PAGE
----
LAND O'LAKES — About two dozen supporters of Lacoochee Elementary School principal Karen Marler traveled to Land O'Lakes on Thursday to make one more appeal for their school leader's quick return to campus.
"This afternoon would be best," organizer Esperanza Conn told assistant superintendent David Scanga and other administrators who met with the group for an hour.
Scanga made no such promise. He did, however, assure the parents and community leaders that he would present their views to superintendent Heather Fiorentino as she ponders the fate of Marler, whom she removed from Lacoochee last week amid complaints about Marler's leadership.
"It's information we will add to the information we have already gathered," Scanga said. "I would say we are very close" to a decision.
Scanga and other district administrators have spent the past week interviewing dozens of people involved with Lacoochee Elementary School, to determine whether the grievances aired against Marler are valid. The details of the concerns have not been made public.
Marler, the school's principal since 2004, was the subject of a similar climate study three years ago. She was not removed from the school, although she was required to change some of her management practices, district officials said.
While Marler's critics have remained tight-lipped publicly, her backers have made a high profile showing of their support.
They have picketed peacefully outside the school at dropoff and pickup time, collected hundreds of signatures on a petition and written letters to school district leaders. They upped the ante by calling in local newspaper and television reporters, who have shown up to document moms and kids waving signs and wearing shirts proclaiming their support for Marler.
That message came through again Thursday.
Civic activists including Margarita Romo of Farm Workers Self-Help spoke passionately of Marler's work, not only with the children of this impoverished community but also with the hard-fought efforts to improve the area's economy.
"She's an organizer, and she has built a safe place for everybody in this room to come together and meet and build," Romo said. "We cannot lose that. ... If you take her away, what is going to happen to what she has built?"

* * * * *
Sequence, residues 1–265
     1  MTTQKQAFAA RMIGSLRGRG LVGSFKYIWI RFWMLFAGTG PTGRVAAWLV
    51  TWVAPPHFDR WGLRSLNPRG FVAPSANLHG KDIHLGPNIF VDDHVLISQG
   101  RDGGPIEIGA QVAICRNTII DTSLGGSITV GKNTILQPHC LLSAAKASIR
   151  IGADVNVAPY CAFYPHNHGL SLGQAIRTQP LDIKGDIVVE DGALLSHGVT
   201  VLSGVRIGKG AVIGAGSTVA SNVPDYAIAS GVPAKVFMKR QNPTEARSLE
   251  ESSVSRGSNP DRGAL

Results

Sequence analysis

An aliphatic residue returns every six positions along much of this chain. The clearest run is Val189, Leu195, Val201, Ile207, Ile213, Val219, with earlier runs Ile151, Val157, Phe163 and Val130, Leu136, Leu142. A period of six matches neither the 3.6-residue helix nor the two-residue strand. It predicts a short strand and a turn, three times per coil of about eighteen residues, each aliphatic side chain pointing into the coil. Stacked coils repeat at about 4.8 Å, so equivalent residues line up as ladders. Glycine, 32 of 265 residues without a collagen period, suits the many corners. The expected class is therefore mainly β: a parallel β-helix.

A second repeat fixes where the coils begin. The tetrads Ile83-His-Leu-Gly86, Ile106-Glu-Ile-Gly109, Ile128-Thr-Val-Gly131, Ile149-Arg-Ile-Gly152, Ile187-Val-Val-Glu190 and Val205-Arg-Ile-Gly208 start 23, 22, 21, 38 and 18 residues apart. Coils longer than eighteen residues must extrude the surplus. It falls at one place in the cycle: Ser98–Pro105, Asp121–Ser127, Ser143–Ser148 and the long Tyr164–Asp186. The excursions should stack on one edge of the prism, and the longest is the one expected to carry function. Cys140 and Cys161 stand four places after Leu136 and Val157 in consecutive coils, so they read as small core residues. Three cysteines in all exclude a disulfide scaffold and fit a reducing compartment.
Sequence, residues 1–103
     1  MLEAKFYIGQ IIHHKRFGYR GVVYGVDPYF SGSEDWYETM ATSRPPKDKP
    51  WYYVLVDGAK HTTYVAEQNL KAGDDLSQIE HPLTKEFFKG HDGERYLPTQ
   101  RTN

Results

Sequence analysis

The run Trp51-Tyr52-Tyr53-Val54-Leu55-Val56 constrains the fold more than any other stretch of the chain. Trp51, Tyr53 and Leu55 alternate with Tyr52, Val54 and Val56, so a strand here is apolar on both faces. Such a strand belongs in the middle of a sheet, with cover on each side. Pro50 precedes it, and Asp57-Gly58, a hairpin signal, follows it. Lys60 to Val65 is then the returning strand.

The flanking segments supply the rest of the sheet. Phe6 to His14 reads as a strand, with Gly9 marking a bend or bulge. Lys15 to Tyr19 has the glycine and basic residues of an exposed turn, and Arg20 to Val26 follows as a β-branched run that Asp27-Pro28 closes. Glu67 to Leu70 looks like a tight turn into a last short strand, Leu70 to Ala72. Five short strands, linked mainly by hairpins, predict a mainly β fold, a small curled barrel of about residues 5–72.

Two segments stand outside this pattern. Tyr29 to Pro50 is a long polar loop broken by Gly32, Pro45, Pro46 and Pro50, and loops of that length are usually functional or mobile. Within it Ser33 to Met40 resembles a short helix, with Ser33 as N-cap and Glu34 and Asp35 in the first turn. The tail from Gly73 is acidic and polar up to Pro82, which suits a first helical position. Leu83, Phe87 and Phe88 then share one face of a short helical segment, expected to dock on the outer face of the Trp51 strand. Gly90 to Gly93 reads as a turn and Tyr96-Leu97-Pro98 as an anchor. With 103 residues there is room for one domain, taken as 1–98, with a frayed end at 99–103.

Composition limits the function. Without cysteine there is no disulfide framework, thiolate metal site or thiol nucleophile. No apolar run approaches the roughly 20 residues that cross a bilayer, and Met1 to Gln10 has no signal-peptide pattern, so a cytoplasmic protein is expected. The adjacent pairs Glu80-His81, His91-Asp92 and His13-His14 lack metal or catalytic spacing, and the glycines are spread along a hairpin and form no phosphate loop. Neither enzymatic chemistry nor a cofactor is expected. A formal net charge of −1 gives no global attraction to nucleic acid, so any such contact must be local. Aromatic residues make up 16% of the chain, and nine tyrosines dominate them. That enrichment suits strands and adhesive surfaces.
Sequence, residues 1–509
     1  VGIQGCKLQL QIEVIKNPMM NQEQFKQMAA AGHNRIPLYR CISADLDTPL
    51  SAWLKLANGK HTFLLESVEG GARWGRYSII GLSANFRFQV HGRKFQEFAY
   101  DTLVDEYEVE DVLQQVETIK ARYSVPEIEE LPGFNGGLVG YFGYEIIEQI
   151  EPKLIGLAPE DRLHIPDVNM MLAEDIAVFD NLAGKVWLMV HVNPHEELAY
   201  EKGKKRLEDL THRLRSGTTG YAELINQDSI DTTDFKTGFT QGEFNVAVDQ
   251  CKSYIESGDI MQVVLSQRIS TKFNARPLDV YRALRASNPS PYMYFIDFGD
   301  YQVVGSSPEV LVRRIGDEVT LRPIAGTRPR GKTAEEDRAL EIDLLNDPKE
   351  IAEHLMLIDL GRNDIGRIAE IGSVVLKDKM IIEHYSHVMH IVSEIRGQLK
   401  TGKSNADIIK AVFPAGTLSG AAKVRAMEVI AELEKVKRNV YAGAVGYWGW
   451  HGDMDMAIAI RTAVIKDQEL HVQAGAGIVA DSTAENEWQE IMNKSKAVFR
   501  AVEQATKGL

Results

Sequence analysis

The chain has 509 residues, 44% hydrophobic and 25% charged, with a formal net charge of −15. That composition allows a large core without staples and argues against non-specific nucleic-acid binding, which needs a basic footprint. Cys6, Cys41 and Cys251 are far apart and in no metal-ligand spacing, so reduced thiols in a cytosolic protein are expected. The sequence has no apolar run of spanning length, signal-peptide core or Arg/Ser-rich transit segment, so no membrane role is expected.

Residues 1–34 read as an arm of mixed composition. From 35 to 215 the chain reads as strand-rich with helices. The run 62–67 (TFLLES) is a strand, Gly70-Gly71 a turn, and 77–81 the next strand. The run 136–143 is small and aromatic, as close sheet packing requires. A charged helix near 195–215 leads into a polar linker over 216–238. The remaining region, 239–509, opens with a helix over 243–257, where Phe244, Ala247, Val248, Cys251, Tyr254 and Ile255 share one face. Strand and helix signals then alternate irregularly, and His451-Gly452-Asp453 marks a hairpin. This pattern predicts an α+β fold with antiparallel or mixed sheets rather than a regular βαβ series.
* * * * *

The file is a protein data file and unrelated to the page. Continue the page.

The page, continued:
Speaking in Spanish, grandmother Ediltrudis Morales praised Marler for establishing programs that have helped immigrants like her learn English and get more involved in children's educations. She spoke of her own love for cooking Mexican food, and noted how frustrating it is when a tamale gets only half cooked.
The school system should likewise not leave Lacoochee Elementary half done, Morales said, by removing its strong leader.
"No one is indispensable," she said. "But when good things occur, we need to support them."
Speakers also targeted Marler's accusers, saying that some Lacoochee teachers don't do what they're supposed to and they bristle when Marler holds their feet to the fire. Supporters urged Scanga not to heed complainers to the detriment of the children and community members who count on the principal.
Scanga thanked the group for taking the time to come to the district headquarters to speak their mind. He said he planned to visit a community action team meeting later in the evening to collect more input for Fiorentino.
Marler's supporters walked away satisfied too. They said they valued being in a country that allows for such open exchanges, and they had positive vibes that something good will come of it.
"I think everything went so good," said Lucia Miramon, whose children attend the school. "We have a lot of hope. We really appreciate the time they took for us."
Jeffrey S. Solochek can be reached at email@example.com or (813) 909-4614. For more education news, visit the Gradebook at www.tampabay.com/blogs/gradebook.